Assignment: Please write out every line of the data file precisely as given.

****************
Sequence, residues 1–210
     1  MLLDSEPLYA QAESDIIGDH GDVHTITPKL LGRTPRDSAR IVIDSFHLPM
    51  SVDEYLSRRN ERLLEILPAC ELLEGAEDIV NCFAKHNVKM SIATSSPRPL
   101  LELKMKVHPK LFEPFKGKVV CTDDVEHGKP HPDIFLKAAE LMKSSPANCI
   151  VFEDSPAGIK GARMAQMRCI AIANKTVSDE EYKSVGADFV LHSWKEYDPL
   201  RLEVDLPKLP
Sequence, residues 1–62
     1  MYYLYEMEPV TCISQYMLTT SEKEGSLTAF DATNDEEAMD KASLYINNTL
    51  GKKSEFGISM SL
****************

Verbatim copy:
Sequence, residues 1–210
     1  MLLDSEPLYA QAESDIIGDH GDVHTITPKL LGRTPRDSAR IVIDSFHLPM
    51  SVDEYLSRRN ERLLEILPAC ELLEGAEDIV NCFAKHNVKM SIATSSPRPL
   101  LELKMKVHPK LFEPFKGKVV CTDDVEHGKP HPDIFLKAAE LMKSSPANCI
   151  VFEDSPAGIK GARMAQMRCI AIANKTVSDE EYKSVGADFV LHSWKEYDPL
   201  RLEVDLPKLP
Sequence, residues 1–62
     1  MYYLYEMEPV TCISQYMLTT SEKEGSLTAF DATNDEEAMD KASLYINNTL
    51  GKKSEFGISM SL